Vulcan XM594 Refurbishment Continues
Despite the gradual lock-down of the UK in response to the Covid-19 virus work has restarted at Newark Air Museum on further restoration work on Avro Vulcan XM594.
The distinctive wing shape of this former Royal Air Force (RAF) bomber is clearly visible in the accompanying photograph, which shows museum volunteers undertaking some awkward and tiring work on XM594.
Members of the Vulcan Repainting team have just started work on the underside of the port wing of XM594, which will progress throughout the year as and when the current health crisis allows access to the museum site in eastern Nottinghamshire. Last year the same team undertook similar de-corrosion work, surface preparation and repainting work on the underside of the starboard wing.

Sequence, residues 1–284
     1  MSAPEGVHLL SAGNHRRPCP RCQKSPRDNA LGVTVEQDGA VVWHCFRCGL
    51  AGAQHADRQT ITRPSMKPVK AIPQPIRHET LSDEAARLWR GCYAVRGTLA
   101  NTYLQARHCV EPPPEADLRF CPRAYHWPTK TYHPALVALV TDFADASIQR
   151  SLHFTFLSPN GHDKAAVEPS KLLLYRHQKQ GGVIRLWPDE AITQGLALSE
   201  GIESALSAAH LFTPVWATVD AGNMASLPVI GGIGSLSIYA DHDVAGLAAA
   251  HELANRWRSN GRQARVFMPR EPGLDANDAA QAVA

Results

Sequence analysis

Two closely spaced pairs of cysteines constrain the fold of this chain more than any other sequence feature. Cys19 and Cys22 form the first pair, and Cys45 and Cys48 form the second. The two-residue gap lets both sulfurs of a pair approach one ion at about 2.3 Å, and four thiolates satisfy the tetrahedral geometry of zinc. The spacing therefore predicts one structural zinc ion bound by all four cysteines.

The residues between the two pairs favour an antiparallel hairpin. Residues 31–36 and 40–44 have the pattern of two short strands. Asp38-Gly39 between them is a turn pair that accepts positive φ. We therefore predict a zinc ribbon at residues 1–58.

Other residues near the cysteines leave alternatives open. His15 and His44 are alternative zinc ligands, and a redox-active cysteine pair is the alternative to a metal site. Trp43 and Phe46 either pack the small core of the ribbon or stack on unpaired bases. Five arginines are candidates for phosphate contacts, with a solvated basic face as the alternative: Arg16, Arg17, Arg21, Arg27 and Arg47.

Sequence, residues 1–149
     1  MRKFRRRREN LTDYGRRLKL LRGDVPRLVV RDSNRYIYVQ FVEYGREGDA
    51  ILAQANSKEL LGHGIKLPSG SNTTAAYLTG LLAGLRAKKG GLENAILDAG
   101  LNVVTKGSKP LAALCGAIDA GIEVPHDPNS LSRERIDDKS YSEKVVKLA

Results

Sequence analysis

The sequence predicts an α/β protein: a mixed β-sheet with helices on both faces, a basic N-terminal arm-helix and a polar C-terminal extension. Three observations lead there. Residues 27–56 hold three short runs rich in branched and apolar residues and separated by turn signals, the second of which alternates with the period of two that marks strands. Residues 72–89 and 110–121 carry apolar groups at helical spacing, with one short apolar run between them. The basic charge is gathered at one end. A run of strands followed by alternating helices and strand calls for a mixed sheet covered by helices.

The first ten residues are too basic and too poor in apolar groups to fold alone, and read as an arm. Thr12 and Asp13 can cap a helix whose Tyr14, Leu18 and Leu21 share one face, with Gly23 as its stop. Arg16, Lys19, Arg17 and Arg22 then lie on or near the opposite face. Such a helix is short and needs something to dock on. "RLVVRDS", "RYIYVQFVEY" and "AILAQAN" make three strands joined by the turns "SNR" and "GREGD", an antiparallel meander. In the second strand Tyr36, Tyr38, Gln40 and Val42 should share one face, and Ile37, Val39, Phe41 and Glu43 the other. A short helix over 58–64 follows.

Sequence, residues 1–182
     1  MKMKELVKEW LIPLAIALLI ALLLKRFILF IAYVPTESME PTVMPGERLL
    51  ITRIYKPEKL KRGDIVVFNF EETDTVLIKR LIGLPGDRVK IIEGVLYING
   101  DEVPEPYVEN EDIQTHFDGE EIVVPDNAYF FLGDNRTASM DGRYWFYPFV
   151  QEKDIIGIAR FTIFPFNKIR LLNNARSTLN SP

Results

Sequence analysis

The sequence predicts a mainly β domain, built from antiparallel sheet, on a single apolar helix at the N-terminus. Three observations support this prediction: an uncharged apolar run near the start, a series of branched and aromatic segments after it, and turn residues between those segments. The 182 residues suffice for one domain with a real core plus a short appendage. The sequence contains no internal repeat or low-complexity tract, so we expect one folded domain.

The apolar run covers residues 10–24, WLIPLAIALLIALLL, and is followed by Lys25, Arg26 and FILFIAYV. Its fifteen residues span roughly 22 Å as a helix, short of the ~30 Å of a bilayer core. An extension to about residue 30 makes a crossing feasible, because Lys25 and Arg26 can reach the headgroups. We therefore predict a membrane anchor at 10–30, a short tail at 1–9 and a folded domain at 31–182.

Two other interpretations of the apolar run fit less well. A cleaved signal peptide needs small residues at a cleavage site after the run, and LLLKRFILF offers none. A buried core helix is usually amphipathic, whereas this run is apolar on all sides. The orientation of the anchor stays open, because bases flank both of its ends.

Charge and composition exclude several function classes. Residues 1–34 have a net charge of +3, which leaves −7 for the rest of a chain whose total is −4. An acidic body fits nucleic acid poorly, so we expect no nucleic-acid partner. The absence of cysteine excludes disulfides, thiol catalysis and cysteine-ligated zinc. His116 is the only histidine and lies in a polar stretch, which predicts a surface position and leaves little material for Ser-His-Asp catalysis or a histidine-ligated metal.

Elsewhere a lot of cleaning and renovation work has been undertaken on the aircraft, much of which has been focused in the aircraft's cavernous bomb-bay. This work has seen the Vulcan Repair Team able to operate the Rover APU to once again start cycling the opening and closing of the bomb bay doors.
Nice to report work is still ongoing on significant parts of the country's aviation heritage even in these challenging times.
Avro Vulcan XM594 was flown to the former RAF Winthorpe airfield from RAF Waddington on Monday 7th February 1983. At the time XM594 was the only Vulcan aircraft disposed of by the RAF that was flown into a non-licensed airfield.